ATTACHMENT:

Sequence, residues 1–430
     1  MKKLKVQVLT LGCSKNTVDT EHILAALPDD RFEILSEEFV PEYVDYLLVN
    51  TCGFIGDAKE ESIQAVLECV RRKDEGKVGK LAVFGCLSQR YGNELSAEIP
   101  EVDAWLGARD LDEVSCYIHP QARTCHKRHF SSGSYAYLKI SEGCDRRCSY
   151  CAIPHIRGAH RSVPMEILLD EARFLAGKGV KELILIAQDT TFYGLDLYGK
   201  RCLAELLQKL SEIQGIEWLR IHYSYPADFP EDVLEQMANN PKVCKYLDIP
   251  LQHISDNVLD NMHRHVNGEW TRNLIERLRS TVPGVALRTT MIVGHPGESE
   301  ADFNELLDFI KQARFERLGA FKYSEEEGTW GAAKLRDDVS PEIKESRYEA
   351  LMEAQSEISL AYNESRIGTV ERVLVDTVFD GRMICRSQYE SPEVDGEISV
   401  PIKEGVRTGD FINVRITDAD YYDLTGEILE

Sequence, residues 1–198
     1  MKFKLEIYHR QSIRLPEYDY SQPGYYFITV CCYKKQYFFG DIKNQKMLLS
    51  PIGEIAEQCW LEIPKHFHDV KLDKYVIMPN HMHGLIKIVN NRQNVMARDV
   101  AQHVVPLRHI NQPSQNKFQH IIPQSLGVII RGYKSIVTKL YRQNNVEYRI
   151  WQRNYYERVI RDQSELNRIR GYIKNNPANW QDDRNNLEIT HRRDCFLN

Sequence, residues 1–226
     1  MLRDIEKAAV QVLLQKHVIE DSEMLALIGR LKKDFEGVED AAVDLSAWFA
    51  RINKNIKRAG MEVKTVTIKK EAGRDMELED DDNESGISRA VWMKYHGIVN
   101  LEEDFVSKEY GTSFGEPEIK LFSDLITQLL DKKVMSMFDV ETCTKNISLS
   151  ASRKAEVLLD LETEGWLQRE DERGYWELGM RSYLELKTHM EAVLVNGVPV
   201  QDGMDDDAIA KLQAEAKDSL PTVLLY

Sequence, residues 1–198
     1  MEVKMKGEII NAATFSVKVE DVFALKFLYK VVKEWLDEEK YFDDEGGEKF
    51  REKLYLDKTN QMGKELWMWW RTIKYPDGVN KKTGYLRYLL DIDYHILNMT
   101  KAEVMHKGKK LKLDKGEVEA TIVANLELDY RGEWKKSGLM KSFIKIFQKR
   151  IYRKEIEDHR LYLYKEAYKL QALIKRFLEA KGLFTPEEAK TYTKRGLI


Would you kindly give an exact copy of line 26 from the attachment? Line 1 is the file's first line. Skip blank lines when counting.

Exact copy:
   151  IYRKEIEDHR LYLYKEAYKL QALIKRFLEA KGLFTPEEAK TYTKRGLI